FHA and First Time Homebuyers
Advantages of an FHA Home Loan
The FHA loan is the most popular government-backed home loan in the country. These low down payment loans are made by qualified lenders and guaranteed by the Federal Housing Administration (FHA).
FHA loans require just a 3.5% down payment for borrowers with a 580 credit score or higher. For homebuyers with less-than-perfect credit, FHA loans offer additional significant benefits. The government backing means average FHA interest rates are typically lower than average rates for conventional mortgages.†
Borrowers with credit scores as low as 500 can qualify for an FHA loan with a 10% down payment. Guidelines and policies will vary by lender.
This historic home loan program continues to open the door to homeownership for millions of Americans who might struggle to secure conventional financing.
LOW DOWN PAYMENTS
FHA Loans are popular among homebuyers wanting a low down payment. You may be able to get FHA financing with as little as 3.5% down.
LOWER INTEREST RATES
FHA homebuyers with credit scores of 680 can often qualify for the same interest rate as conventional borrowers with a score of 740.
FHA Loans don't require perfect credit to secure financing. In some instances, you may qualify for 3.5% down with a 580 credit score.
FHA loans allow sellers to pay up to 6% of the loan amount to cover buyers’ closing costs. Sellers can only pay up to 3% on conventional loans.
Conventional and Jumbos
What is a conventional mortgage?
A conventional loan is a type of mortgage that isn’t backed by a government agency, such as the Department of Veterans Affairs. Conventional mortgages often meet the down payment and income requirements set by Fannie Mae and Freddie Mac, and conform to the loan limits set by the Federal Housing Finance Administration, or FHFA.
You'll generally need a credit score of at least 620 to qualify for a conventional loan, though a score that's above 740 will help you get the best rate. Depending on your financial status and the amount you're borrowing, you may be able to make a down payment that's as low as 3% with a conventional loan. (Although be aware that a higher down payment may help get you a lower rate.)
What is a jumbo loan?
A jumbo loan is a mortgage used to finance properties that are too expensive for a conventional conforming loan. The maximum amount for a conforming loan is $548,250 in most counties, as determined by the Federal Housing Finance Agency (FHFA). Homes that exceed the local conforming loan limit require a jumbo loan.
Also called non-conforming conventional mortgages, jumbo loans are considered riskier for lenders because these loans can’t be guaranteed by Fannie and Freddie, meaning the lender is not protected from losses if a borrower defaults. Jumbo loans are typically available with either a fixed interest rate or an adjustable rate, and they come with a variety of terms.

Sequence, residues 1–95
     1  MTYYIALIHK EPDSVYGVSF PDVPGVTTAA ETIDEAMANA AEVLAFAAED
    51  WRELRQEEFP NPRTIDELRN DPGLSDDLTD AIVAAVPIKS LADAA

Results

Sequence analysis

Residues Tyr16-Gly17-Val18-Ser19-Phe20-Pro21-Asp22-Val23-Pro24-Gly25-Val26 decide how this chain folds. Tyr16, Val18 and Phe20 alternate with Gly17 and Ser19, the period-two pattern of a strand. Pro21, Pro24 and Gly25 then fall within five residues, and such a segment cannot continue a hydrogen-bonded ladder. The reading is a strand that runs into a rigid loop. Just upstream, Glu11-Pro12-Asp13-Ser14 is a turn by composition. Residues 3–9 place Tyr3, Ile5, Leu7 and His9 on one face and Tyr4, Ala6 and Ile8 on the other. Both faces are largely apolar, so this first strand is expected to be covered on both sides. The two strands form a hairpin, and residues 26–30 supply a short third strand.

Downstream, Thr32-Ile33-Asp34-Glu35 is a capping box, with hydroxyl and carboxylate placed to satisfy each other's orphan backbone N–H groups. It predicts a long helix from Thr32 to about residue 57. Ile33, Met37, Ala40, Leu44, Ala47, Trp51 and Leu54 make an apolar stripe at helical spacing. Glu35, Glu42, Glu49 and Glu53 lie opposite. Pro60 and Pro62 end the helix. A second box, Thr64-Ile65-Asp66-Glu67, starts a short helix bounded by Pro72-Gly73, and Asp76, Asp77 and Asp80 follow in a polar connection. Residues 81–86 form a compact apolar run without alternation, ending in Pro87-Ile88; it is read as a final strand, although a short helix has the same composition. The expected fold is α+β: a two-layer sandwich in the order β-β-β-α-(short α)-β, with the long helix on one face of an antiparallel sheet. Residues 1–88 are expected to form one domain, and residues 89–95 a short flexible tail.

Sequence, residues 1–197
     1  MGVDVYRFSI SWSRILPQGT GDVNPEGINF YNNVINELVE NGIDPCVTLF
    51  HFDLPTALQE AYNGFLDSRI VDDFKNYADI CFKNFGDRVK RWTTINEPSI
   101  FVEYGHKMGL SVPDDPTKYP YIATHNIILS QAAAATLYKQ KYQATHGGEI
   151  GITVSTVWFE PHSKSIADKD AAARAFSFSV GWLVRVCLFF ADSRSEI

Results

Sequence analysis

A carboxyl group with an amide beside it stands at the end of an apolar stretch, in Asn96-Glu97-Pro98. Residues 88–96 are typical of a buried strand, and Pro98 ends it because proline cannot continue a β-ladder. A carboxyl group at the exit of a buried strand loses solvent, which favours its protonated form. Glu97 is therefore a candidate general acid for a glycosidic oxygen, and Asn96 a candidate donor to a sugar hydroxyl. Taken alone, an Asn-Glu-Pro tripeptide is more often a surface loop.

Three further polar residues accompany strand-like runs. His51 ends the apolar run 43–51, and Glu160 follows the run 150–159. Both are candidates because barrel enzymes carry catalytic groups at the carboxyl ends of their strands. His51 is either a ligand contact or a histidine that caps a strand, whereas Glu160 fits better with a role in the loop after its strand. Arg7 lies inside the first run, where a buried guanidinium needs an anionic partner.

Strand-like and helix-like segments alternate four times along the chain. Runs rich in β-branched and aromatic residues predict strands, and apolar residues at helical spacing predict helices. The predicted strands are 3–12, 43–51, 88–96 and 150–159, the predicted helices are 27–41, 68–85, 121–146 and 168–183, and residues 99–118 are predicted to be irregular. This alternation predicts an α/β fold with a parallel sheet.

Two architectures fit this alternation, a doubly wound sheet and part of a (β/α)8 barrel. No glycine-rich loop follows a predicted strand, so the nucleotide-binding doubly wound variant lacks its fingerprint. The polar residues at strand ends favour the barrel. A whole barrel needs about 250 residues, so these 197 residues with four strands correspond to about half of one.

No Tax Returns Needed Primary Residence
What is a no-income-verification mortgage?
A no-income-verification mortgage is a home loan that doesn’t require standard income documentation (including paystubs, W2s or tax returns) for approval. The lender allows you to use other items, such as bank statements, to show that you can repay a mortgage.
No-doc mortgages were more commonly known as stated-income loans before the housing crash of 2007 and 2008. These loans were popular for self-employed borrowers, as they could essentially “state” whatever income was needed to qualify.
Variations of these types of loans include:
- SISA. Stated-income, stated-asset loans are made without verification of a borrower’s income or assets. Stated-income loans are no longer available.
- SIVA. Stated-income, verified-assets loans are those for which lenders accept your assets as the basis for approval. They’re often called “bank statement loans.”
- NIVA. No-income, verified-assets loans are similar to SIVA loans, except income is not added to the application.
- NINA. No-income, no-asset loans have made a comeback, but they’re only available for real estate investors buying rental properties. This type of no-doc mortgage requires enough rental income to cover the new mortgage payment.
- NINJA. No-income, no-job, no-asset loans don’t require lenders to verify income, assets or employment. Essentially, with a NINJA loan, the lender takes the borrower’s word that the loan application is accurate.